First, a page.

Gov. Murphy tours flood damage in NJ with the hope of relief funds on the way

New Jersey

Damage lest from Tropical Storm Henri means cleanup for dozens of families in New Jersey, with the governor touring the wreckage Tuesday.

Darcie Hall’s home is missing its flooring, 4 feet of sheetrock, working electrical outlets, and a host of personal belongings — all destroyed by floodwater from Henri’s weekend visit.

But somehow, Hall is making the best of it.

“It’s stuff. I can replace it all,” she said.

She is one of some 70 families in the quaint hamlet of Helmetta — a small borough in Middlesex County, New Jersey — now displaced from this weekend’s flooding, complements the rainstorm.

The widespread hope was that Gov. Phil Murphy’s Tuesday evening visit will ultimately trigger the release of much needed state-issued emergency financial relief.

“We had 27-inches of water in the house,” Hall said. “You can see the water line on the door here. We will do whatever we can.”

Murphy then left Darcie’s home and spoke with reporters on the way to the local community center where he met with dozens of other residents.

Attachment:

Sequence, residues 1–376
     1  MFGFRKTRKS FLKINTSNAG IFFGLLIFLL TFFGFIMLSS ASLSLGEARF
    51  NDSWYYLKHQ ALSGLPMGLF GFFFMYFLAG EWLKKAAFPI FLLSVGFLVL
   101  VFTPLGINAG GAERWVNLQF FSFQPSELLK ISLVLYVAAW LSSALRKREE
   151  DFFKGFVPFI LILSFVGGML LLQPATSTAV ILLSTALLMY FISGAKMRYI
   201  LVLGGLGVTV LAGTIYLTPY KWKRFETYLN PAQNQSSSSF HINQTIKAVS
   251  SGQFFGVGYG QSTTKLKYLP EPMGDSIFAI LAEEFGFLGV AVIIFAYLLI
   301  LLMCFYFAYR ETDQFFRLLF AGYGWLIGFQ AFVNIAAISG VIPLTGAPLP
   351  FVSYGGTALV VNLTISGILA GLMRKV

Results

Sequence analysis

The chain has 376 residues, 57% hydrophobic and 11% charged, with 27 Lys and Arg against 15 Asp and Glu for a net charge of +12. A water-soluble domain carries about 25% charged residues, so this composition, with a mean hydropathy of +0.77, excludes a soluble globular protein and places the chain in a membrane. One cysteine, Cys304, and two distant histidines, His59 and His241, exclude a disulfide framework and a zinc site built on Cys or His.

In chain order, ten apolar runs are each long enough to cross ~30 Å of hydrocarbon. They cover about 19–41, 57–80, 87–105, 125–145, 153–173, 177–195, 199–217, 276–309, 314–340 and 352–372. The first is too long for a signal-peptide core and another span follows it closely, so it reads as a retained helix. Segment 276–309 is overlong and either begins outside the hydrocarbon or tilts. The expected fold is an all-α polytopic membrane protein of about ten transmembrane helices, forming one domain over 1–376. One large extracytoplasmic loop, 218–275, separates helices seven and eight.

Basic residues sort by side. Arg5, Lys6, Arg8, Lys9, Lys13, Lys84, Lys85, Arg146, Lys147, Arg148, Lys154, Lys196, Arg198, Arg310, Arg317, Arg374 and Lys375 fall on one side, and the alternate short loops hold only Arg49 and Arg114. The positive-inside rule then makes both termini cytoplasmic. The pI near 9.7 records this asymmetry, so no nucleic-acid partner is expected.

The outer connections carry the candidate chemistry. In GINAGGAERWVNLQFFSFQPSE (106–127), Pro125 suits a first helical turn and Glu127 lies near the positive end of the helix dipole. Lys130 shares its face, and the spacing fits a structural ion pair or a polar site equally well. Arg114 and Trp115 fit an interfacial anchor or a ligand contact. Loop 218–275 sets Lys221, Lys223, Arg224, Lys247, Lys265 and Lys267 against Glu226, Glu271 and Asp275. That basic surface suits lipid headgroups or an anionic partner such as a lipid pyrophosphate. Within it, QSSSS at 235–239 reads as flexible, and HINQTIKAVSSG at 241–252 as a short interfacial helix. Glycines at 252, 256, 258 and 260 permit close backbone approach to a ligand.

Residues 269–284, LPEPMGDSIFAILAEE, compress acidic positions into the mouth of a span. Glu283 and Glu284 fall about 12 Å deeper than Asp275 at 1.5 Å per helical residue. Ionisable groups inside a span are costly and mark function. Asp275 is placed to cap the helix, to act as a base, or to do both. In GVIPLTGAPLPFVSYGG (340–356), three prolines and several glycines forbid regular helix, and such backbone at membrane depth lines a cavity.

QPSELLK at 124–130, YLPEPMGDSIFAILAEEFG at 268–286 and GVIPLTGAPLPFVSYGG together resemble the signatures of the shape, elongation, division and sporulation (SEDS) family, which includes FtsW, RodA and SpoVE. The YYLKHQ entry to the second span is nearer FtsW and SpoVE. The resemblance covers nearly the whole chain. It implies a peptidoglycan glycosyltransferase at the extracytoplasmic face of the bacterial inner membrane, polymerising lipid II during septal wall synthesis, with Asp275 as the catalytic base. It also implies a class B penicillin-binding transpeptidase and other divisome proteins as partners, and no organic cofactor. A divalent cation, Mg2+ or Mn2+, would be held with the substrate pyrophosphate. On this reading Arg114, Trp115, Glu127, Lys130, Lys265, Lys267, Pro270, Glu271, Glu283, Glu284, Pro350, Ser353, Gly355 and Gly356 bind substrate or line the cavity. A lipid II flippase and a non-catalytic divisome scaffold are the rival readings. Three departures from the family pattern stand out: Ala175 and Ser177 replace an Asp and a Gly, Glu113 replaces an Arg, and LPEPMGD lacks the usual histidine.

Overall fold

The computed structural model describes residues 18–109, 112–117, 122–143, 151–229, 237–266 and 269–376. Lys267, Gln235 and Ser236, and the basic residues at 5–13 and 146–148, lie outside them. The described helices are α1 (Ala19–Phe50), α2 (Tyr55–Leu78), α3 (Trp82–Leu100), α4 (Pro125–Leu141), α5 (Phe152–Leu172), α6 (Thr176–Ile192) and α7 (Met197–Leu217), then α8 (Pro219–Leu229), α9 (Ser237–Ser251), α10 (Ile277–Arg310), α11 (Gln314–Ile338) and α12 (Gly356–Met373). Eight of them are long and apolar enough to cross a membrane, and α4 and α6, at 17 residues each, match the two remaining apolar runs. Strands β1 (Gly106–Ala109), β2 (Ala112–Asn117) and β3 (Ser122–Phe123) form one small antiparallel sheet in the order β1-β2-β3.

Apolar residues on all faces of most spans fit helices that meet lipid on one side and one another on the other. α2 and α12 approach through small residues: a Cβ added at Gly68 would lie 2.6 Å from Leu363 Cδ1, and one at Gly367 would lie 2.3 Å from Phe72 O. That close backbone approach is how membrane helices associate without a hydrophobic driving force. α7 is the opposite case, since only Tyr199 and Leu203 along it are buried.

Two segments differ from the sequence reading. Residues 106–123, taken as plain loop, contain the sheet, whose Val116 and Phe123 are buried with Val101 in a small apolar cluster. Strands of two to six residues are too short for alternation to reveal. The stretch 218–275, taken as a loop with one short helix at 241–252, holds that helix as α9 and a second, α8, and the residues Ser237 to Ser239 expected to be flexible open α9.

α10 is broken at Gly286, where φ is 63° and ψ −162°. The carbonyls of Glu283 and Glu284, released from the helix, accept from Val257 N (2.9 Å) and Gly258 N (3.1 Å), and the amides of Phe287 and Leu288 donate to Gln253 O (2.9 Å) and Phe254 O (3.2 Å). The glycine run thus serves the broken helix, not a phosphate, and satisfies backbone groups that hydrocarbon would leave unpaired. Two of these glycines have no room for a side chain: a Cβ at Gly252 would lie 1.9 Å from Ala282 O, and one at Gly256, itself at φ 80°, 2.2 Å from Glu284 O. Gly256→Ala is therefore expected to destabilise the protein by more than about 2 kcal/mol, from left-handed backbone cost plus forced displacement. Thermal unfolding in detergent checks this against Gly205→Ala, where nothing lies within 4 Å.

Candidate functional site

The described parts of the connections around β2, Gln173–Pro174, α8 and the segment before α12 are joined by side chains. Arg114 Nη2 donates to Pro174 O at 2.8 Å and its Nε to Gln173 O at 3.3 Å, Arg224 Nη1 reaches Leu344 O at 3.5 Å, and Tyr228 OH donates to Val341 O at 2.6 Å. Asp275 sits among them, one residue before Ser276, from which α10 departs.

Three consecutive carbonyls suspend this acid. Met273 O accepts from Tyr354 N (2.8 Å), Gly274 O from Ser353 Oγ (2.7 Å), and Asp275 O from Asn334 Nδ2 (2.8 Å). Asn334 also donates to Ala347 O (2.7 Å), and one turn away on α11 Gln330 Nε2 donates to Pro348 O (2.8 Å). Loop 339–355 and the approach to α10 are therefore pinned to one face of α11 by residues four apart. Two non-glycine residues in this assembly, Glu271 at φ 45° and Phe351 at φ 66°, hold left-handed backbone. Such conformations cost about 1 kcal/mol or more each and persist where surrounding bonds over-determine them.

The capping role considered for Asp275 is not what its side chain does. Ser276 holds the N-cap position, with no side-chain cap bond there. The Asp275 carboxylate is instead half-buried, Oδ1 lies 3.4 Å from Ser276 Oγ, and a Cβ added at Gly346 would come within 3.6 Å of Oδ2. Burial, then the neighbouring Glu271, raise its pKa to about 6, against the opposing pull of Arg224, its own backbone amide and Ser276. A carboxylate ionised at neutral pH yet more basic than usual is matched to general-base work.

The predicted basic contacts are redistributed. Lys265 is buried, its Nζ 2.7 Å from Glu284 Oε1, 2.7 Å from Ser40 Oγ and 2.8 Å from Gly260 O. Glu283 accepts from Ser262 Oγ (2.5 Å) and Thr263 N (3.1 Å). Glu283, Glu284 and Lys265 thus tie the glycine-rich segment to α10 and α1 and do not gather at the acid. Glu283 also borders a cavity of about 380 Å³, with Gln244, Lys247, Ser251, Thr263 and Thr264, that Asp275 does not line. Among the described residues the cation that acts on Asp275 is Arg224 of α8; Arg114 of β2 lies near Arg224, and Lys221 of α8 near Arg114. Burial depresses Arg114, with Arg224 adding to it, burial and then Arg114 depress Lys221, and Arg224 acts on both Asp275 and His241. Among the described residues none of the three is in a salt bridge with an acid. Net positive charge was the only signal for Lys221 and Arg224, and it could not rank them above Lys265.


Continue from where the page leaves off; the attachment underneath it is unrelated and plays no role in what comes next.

“We’re getting storms more frequently, they’re more intense. This one was a big rainstorm, thank God not a big windstorm. But a big rainstorm means a lot of flooding, and people out of their homes. So we’ve got to update the playbook,” Murphy said.

Helmetta residents understand that — this is the fourth flooding in 20-years for the tiny town, neighbors said.

“I lost my furnace, I lost my hot water heater. There’s a whole bunch of insulation hanging from my crawlspace. We don’t have any electricity, and any gas,” Helmetta resident Annie Dent said.

It’s a community surrounded by a network of streams and ponds.

“We’ve become like a retention pond from the matrix of the waterways — and no fault to anybody,” said Helmetta Mayor Chris Slavicek. “Nearly nine inches of rain fell in a very short amount of time, which is a contributing factor, but this keeps happening.”

Is the repeat flooding discouraging?

Absolutely. But Darcie Hall says her next move involves staying put – and rebuilding.

“I would love to get my house raised,” she said to the governor. “Because I love my house. I love the neighborhood. I love the people.”

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